Note: The -u option tells git to "link" your local clone with your remote fork so that it will know from now on that the local repository and the remote fork refer to "the same" upstream repository. Strictly, you only need to use this option the first time you call git push for a new clone.

  • Create the PR:

The following is a summary of the components and terms we covered in this section:

Thing Description Summary
https://github.com/kata-containers/community Official repository URL. upstream
https://github.com/${your-github-username}/community URL of your remote copy of the official repository. fork
$GOPATH/src/github.com/kata-containers/community Location of your local copy of the repository. checkout or clone
master Local branch containing a copy of the upstream. master branch
origin The "remote" name for the official repository. origin remote
github The "remote" name for your remote fork. github remote
fix-doc-bugs Local branch containing your PR changes. fix-doc-bugs branch

You have setup your Git environment to do the following:

Branch Operation Description
master git pull Downloads changes from the origin remote (upstream repository) into the local master branch
fix-doc-bugs git push Uploads changes from your local PR branch to your fork on the GitHub server
Updating your PR based on review comments

Let's say you received some review feedback that asked you to make some changes to your PR. You have updated your local branch and committed those review changes by creating three commits. There are now four commits in your local branch: the original commit you created for the PR and three other commits you created to apply the review changes to your branch. Your branch now looks something like this:

$ git log master.. --oneline --decorate=no
4928d57 docs: Fix typos and fold long lines
829c6c8 apply review feedback changes
7c9b1b2 remove blank lines
60e2b2b doh - missed one

Note: The git log command compares your current branch (fix-doc-bugs) with the master branch and lists all the commmits, one per line.

Since all four commits are related to the same change to fix spelling mistakes and break long lines up into shorter lines, it makes sense to combine all four commits into a single commit on your PR. To do this, complete the following steps:

  • Update your branch

    You need to ensure your local copy of the upstream branch contains the latest changes.

  • Rebase your changes against the master branch

    This operation might seem scary, but it is the way Git allows you to merge all of your changes together.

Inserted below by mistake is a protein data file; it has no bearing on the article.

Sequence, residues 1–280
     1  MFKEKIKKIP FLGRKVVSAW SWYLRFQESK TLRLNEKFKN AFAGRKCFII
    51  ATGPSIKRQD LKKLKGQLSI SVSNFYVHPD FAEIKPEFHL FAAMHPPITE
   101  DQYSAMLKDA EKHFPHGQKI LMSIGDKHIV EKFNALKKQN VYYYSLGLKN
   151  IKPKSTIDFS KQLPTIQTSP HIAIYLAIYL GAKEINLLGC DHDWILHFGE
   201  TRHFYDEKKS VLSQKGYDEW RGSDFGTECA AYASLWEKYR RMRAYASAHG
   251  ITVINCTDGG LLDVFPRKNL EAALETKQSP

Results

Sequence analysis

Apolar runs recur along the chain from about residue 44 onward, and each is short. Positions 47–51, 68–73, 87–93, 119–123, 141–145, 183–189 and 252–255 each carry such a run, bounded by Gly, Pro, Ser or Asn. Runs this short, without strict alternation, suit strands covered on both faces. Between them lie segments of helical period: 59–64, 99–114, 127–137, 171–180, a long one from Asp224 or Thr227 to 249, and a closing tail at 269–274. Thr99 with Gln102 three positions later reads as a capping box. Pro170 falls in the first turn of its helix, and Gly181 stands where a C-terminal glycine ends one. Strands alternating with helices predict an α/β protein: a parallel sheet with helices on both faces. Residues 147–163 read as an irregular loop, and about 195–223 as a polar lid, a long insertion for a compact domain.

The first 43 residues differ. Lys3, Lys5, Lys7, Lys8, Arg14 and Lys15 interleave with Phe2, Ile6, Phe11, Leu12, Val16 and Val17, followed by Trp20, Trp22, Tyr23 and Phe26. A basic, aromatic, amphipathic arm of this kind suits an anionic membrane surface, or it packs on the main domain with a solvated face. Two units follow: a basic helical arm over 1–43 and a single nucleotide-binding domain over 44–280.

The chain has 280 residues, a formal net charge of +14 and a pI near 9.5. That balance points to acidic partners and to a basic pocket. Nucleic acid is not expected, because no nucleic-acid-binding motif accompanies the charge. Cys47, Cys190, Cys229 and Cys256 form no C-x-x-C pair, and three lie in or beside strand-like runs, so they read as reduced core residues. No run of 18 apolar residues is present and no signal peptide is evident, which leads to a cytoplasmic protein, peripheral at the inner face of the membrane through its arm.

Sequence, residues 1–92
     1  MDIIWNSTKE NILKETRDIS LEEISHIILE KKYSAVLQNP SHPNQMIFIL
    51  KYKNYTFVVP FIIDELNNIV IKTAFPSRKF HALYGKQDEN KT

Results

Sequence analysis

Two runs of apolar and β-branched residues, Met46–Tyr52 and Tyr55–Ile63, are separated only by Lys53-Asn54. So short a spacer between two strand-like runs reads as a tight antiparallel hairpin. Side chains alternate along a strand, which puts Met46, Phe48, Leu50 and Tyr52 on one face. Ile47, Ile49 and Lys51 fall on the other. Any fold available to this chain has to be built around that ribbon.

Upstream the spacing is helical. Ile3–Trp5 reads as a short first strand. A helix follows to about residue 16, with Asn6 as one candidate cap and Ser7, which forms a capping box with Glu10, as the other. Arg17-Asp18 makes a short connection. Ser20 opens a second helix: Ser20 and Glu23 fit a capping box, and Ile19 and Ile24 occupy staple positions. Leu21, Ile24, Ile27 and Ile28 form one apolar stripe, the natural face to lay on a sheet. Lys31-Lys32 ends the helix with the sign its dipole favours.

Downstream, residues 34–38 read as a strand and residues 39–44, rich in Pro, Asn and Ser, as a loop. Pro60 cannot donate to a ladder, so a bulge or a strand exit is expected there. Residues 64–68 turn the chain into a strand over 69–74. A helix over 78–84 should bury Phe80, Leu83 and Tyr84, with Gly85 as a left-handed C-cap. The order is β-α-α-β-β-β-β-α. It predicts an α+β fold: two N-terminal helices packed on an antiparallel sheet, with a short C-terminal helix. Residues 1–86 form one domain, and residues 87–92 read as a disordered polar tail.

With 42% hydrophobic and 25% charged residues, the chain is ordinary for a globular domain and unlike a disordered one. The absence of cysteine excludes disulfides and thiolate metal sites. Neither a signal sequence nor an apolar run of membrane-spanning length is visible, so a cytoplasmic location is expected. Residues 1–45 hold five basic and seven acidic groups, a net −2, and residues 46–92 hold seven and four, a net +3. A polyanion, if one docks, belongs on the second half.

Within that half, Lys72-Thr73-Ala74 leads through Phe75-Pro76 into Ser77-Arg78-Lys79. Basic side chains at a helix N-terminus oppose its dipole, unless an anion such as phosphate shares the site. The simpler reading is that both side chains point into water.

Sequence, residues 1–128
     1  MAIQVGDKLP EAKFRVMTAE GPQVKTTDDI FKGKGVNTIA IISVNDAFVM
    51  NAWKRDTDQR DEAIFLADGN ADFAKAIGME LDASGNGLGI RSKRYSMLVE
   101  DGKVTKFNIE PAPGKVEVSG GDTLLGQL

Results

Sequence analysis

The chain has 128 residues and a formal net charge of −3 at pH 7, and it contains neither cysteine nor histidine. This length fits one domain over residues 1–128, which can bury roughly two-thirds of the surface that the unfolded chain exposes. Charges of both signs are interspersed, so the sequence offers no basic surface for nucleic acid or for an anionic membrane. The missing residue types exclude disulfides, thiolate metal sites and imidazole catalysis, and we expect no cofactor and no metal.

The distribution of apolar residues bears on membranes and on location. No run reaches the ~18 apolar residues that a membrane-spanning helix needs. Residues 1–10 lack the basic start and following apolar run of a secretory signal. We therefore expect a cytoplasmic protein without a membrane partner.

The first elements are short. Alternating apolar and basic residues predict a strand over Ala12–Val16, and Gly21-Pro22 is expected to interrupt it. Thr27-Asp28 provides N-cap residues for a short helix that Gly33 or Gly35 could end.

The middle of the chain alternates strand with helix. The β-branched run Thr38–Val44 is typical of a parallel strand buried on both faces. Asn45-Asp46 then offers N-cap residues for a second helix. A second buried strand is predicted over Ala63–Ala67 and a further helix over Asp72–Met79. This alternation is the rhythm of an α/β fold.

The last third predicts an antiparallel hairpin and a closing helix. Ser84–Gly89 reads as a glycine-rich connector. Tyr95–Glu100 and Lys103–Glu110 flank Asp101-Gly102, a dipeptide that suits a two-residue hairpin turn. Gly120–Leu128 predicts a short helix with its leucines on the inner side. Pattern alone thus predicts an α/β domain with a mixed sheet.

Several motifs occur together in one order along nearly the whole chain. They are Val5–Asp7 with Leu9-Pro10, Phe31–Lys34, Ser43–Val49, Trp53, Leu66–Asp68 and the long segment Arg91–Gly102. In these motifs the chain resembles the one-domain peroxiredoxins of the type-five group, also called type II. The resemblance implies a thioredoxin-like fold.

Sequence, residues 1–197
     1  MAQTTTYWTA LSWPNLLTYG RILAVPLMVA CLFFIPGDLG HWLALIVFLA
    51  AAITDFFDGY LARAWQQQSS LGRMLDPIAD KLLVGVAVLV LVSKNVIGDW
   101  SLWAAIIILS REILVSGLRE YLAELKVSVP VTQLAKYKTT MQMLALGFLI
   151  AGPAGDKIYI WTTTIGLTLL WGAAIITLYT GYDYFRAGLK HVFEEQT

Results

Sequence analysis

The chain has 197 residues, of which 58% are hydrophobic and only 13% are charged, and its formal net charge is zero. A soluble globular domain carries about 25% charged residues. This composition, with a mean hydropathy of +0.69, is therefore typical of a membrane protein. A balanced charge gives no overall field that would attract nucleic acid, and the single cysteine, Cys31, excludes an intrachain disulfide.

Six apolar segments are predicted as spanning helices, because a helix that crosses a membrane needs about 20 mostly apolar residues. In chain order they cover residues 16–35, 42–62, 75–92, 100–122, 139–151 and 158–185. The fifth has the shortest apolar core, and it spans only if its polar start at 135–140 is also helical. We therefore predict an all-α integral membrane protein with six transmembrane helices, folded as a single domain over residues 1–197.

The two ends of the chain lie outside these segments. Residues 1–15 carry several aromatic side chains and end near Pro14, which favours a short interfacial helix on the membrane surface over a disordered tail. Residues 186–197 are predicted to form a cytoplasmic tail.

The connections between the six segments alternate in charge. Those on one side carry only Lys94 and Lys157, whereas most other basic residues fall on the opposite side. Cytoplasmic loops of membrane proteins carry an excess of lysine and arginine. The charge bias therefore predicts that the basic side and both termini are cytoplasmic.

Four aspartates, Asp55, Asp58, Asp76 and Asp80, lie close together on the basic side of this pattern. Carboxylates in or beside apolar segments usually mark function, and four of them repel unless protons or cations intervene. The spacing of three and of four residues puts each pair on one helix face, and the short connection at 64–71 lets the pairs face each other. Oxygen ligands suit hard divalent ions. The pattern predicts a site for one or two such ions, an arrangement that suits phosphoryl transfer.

• Squash all the commits together

    "Squashing" means to combine all your commits into a single commit. All the changes you made are saved and associated with a single commit, rather than being spread across four commits.

  • Force-push the newly updated branch to your fork on GitHub

    This updates your PR with your new (single) commit.

Taking each step in turn:

  • Update your branch

    First, update the master branch in your local copy of the upstream repository:

    $ cd $GOPATH/src/github.com/kata-containers/community
    $ git checkout master
    $ git pull

    The previous command downloads all the latest changes from the upstream repository and adds them to your local copy.

    Now, switch back to your PR branch:

    $ git checkout fix-doc-bugs
  • Start the rebase operation

    $ git rebase -i master

    As an example, your editor window could appear as follows:

    pick 2e335ac docs: Fix typos and fold long lines
    pick 6d6deb0 apply review feedback changes
    pick 23bc01d remove blank lines
    pick 3a4ba3f doh - missed one
    
  • In your editor, read the comments at the bottom of the screen. Next, without modifying the first line (pick 2e335ac docs: Fix typos and fold long lines), change the "pick" at the start of all the other lines to "squash".

    As an example, your editor window could appear as follows:

    pick 2e335ac docs: Fix typos and fold long lines
    squash 6d6deb0 apply review feedback changes
    squash 23bc01d remove blank lines
    squash 3a4ba3f doh - missed one
    

    Next, save and quit the editor window and Git puts you back into your editor. Now, instead of showing you all the one line commit summaries, you will see all the commit messages. These messages are descriptions for all the commits you created. At this point you can modify the file as you wish. Once you save and exit the editor, Git uses whatever is left in the file as the commit message for your "squashed' commit.

    If you followed the example first PR, your first commit ("2e335ac docs: Fix typos and fold long lines") is already in the correct format. You keep the text for your first commit and delete everything else in the editor window and update if appropriate based on the review feedback.